Running for Irish President: Seeking the votes and watching the passing parade

The Irish President's residence: Áras an Uachtaráin

(Irish central publisher Niall O’Dowd is considering a run for president of Ireland, here is his blog)

Spending a morning in Dail Eireann as the Irish parliament is called is an exercise in who’s who.

Here is the Prime Minister Enda Kenny bounding out through the main gate, a new opinion poll showing him at record popularity and clearly enjoying the day in the sun literally.

He stops and talks every few strides, a gregarious leader who has a clear common touch. The Queen Elizabeth and Obama visits were beautifully handled and he deserves the boost.

Gerry Adams strides out, still an incongruous figure to me here in Dublin when I am so used to seeing him at Stormont.

The poll results were good for him and his party too and he has a broad grin.

Here is Irish sporting legend Eamonn Coghlan, recently selected to the Upper House, strolling into the chamber and his new life.

He looks as fit and ready to run as he did when he was ‘Chairman of the Boards’ and breaking the world indoor mile record back in the 1980s.

I used to cover Eamon’s races back then, got to know him well and could have matched him for slimness if not talent!. Those were the days.

Here too are the media, from the dozens of newspapers now covering the Dail.

They loiter with intent, the sideways glance and nod and a wink and a whisper also suggestive. It reminds me of the Roman Forum down to the plinth, where the party grandees come to pontificate on whatever subject.

Rumors are the currency of the day, opinion polls are said to be imminent, another contender for president ready to appear. It is a fascinating mix of innuendo and gossip.

In the distance a protest about something is being held. We are inside the walls, impervious.

Every presidential candidate, including myself as a potential one, are trawling the halls, gripping and grinning every passing politician who may have a vote in getting them on the ballot.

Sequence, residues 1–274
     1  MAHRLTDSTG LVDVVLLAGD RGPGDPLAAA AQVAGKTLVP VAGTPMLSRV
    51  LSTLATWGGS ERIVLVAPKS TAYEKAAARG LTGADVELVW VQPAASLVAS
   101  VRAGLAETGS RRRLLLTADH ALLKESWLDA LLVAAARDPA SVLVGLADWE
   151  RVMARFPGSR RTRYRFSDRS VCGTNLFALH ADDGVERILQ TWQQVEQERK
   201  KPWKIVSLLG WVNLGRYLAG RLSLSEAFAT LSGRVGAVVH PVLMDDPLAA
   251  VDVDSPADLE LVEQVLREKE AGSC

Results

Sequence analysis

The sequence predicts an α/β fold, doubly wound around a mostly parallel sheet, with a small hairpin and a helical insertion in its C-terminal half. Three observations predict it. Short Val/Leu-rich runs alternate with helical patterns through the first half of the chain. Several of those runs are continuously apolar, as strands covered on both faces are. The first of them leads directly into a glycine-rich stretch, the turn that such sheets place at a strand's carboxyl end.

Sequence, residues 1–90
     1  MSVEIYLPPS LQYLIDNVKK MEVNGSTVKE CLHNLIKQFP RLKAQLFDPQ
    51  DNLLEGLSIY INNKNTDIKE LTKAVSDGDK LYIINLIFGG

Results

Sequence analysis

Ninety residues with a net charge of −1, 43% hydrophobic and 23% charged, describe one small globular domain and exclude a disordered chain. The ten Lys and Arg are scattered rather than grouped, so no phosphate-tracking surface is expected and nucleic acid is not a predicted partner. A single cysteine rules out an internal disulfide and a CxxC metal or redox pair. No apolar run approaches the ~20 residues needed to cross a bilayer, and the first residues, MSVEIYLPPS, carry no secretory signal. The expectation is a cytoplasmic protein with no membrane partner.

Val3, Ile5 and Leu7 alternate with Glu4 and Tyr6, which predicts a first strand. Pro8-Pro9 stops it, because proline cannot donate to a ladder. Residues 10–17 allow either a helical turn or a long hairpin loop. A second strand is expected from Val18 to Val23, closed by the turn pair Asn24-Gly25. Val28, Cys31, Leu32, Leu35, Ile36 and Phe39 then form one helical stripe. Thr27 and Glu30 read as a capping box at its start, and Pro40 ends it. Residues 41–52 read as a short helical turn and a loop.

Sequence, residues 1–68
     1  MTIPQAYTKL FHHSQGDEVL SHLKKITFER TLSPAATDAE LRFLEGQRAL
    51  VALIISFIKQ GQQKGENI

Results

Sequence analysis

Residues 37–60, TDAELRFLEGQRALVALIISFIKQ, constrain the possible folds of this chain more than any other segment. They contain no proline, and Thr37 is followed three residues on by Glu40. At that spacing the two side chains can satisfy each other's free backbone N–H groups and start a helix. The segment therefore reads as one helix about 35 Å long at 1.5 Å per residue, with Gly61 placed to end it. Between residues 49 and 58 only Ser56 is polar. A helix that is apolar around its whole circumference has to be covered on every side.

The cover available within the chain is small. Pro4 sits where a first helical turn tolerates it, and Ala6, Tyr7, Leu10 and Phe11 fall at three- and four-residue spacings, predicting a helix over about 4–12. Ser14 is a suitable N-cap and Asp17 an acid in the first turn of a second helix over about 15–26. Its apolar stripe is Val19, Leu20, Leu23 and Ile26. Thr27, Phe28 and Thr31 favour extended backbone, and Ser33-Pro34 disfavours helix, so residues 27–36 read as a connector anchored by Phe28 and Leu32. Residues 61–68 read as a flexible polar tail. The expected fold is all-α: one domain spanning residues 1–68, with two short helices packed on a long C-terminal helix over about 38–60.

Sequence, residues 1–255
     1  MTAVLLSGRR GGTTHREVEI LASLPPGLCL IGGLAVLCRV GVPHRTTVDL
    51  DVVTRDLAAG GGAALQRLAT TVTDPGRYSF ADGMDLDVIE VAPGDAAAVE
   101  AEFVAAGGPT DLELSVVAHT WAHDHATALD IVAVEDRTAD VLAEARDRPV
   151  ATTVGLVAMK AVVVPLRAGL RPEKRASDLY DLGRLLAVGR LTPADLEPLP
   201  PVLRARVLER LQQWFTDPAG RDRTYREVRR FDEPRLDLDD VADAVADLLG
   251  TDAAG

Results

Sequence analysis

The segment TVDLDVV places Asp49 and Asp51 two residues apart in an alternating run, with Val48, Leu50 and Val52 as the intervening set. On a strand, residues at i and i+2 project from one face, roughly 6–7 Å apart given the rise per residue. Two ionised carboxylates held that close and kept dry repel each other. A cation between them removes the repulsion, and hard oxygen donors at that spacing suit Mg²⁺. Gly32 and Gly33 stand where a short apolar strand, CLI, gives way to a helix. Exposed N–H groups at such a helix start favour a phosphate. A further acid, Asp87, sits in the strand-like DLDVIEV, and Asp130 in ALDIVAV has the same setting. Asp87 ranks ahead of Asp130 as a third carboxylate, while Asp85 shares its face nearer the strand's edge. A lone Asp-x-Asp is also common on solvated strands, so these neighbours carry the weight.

The rules for running are clear, 20 members of the Dail or Upper House the Seanad must vote for you.

For candidates from the major parties such as Fine Gael the question is will their party colleagues vote for them in their internal contest.

Labor have chosen Micheal D. Higgins, one of their old guard and a stalwart defender of free speech who will always be remembered for removing the odious Section 31, banning Sinn Fein speakers from the airwaves, from the statute book.

Fianna Fail and Sinn Fein are undecided about whether to run a candidate or not. The Fine Gael candidates are most in evidence.

Pat Cox, former President of the European parliament, solemn and serious, Mairead McGuinness a European MP , elegant and forthcoming, stops to chat about the race and her utter belief that the grassroots are with her.

I find myself in good company, Senator Fergal Quinn perhaps the most pro-American member of the Irish houses. A hugely successful businessman he has an instinctive feel and regard for the U.S.
We discuss our mutual friend and inspiration Coca Cola’s Don Keough and swap Keough stories.
Fergal remembers him barreling into one of his supermarkets, entourage vainly trying to keep up with him, selling coke like he’s running for president.

I recall the time almost on a whim he rounded up Bill Gates and Warren Buffett and flew them to Ireland for a weekend.

The time passes but we are enjoying the conversation.

The vote bell chimes and Fergal gets up to leave. I am buttonholed by a young man who looks about 20 to me who is a County Kerry senator.

He has a friend who wants to expand on idea I talked about on radio for bringing more American tourists to Ireland.

I run into my brother the Minister of State who is escorting an American businessman I introduced him to lunch.

We chat, the time passes and the business of a nation goes on all around me.

A pleasant day.

I am now back in America, preparing for our big Top 50 Women event on Thursday night. I’m looking forward to it. Consistently the women chosen are incredibly grateful for the honor a function of the fact that such women are rarely acknowledged.

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